The invention prevents large pressure differentials tending to seat the gate members from acting on certain surfaces of the members, allowing instead for lesser (or zero) pressure differentials to bear on these surfaces. The invention thus lowers the net seating forces, thereby reducing the friction forces that oppose reciprocation of the gate. By lowering friction forces, the invention economically, easily, and readily reduces gate drag in split-gate valves.
Many varying and different embodiments are possible within the scope of the inventor's concept shown and described herein, without departing from the subject matter of the invention. As further examples, the gate members could be assemblies of other member parts combined to operate substantially as the depicted gate members act; such assemblies might include springs or the like, or the gate members themselves could be composed of smaller sub-members. Further, a design might not require both gate members (or assemblies) to move in unison during reciprocation; the gate elements could regulate flow through the flowway upon rotation or some other movement besides reciprocation; and some element other than a gate member with a bore through it could provide the means to communicate upstream pressure with the pressure-balancing areas. It should be understood that the invention is not restricted to the illustrated and described embodiments, but can be modified within the scope of the following claims.
|Cited Patent||Filing date||Publication date||Applicant||Title|
|US712485 *||Oct 10, 1901||Nov 4, 1902||John H Bickford||Valve.|
|US2827260 *||Jul 7, 1955||Mar 18, 1958||Carl W Koehler||Slide gate valves|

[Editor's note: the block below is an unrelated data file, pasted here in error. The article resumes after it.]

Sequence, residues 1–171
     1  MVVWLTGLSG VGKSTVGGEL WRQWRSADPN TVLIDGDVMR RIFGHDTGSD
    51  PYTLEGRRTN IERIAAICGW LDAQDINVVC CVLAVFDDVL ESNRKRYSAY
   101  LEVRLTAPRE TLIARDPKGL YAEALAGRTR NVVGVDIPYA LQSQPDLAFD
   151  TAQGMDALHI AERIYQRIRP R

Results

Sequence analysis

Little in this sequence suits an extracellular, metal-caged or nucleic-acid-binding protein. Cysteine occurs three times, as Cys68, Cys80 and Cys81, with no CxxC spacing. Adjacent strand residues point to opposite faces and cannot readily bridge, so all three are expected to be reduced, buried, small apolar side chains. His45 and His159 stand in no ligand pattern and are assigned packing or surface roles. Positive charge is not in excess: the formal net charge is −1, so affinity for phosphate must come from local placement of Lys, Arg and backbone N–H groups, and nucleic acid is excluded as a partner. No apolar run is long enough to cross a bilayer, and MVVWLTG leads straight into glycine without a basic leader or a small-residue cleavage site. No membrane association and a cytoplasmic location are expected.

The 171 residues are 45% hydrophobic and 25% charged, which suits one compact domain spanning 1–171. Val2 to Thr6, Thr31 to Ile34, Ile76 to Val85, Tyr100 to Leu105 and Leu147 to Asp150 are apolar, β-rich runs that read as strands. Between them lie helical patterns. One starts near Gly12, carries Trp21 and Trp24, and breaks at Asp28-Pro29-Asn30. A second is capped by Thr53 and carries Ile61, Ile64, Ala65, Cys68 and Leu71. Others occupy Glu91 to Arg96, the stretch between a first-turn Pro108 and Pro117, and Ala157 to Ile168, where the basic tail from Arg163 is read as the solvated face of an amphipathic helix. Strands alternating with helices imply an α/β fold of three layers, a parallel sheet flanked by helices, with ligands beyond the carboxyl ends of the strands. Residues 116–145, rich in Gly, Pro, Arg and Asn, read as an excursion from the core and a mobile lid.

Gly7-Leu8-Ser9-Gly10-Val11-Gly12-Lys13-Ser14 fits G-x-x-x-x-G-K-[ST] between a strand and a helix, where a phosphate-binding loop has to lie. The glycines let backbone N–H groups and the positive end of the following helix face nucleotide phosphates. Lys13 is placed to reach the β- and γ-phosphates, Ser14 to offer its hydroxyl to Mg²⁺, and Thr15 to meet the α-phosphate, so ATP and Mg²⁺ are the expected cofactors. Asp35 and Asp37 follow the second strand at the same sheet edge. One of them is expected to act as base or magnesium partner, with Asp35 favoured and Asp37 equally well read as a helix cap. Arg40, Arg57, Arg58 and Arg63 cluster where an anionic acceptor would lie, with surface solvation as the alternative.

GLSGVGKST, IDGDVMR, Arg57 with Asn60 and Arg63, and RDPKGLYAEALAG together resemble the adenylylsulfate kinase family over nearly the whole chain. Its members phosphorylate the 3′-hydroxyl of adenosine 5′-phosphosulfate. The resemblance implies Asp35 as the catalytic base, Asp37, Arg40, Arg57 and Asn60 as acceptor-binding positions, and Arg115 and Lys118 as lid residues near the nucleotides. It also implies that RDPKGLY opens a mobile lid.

|US2976008 *||May 3, 1957||Mar 21, 1961||Charles Ocker||Valve structure|
|US3123090 *||Aug 3, 1961||Mar 3, 1964||Pressure relief gate valve|
|US4272055 *||Oct 13, 1978||Jun 9, 1981||Mcevoy Oilfield Equipment Company||Single double backseat|
|US4340204 *||Sep 15, 1977||Jul 20, 1982||Smith International, Inc.||High pressure gate valve with preloaded, stacked, solid lubricated stem seals|
|US4451047 *||Sep 30, 1982||May 29, 1984||Smith International, Inc.||Seal|
|GB968132A *||Title not available|
|GB1403959A *||Title not available|
|GB2154303A *||Title not available|
|Citing Patent||Filing date||Publication date||Applicant||Title|
|US4971098 *||Dec 6, 1989||Nov 20, 1990||Cooper Industries, Inc.||Valve and improved seat seal therefor|
|US5083745 *||Jan 18, 1991||Jan 28, 1992||American Standard Inc.||Incremental electrically actuated valve|
|US6688324||Jan 8, 2002||Feb 10, 2004||Cooper Cameron Corporation||Valve for hydrate forming environments|
|US7255329||Nov 23, 2006||Aug 14, 2007||Domino Machine Inc.||Gate valve with offset valve stem|
|US20080239606 *||May 5, 2008||Oct 2, 2008||Veris Industries, Llc||Combination current sensor and relay|
|U.S. Classification||251/282, 251/175, 251/327, 251/195|
|Jan 30, 1986||AS||Assignment|
Owner name: SMITH INTERNATIONAL, INC., HOUSTON, TEXAS, A CORP.
Free format text: ASSIGNMENT OF ASSIGNORS INTEREST.;ASSIGNOR:HERD, DAVID P.;REEL/FRAME:004511/0872
Effective date: 19860131
|Oct 31, 1990||FPAY||Fee payment|
Year of fee payment: 4
|Feb 4, 1991||AS||Assignment|
Owner name: COOPER INDUSTRIES, INC., 1001 FANNIN, HOUSTON, TX
Free format text: ASSIGNMENT OF ASSIGNORS INTEREST.;ASSIGNOR:CAMERA IRON WORKS USA, INC., A CORP OF DE;REEL/FRAME:005587/0874
Effective date: 19910125
|Mar 21, 1995||REMI||Maintenance fee reminder mailed|
|Aug 13, 1995||LAPS||Lapse for failure to pay maintenance fees|
|Oct 24, 1995||FP||Expired due to failure to pay maintenance fee|
Effective date: 19950816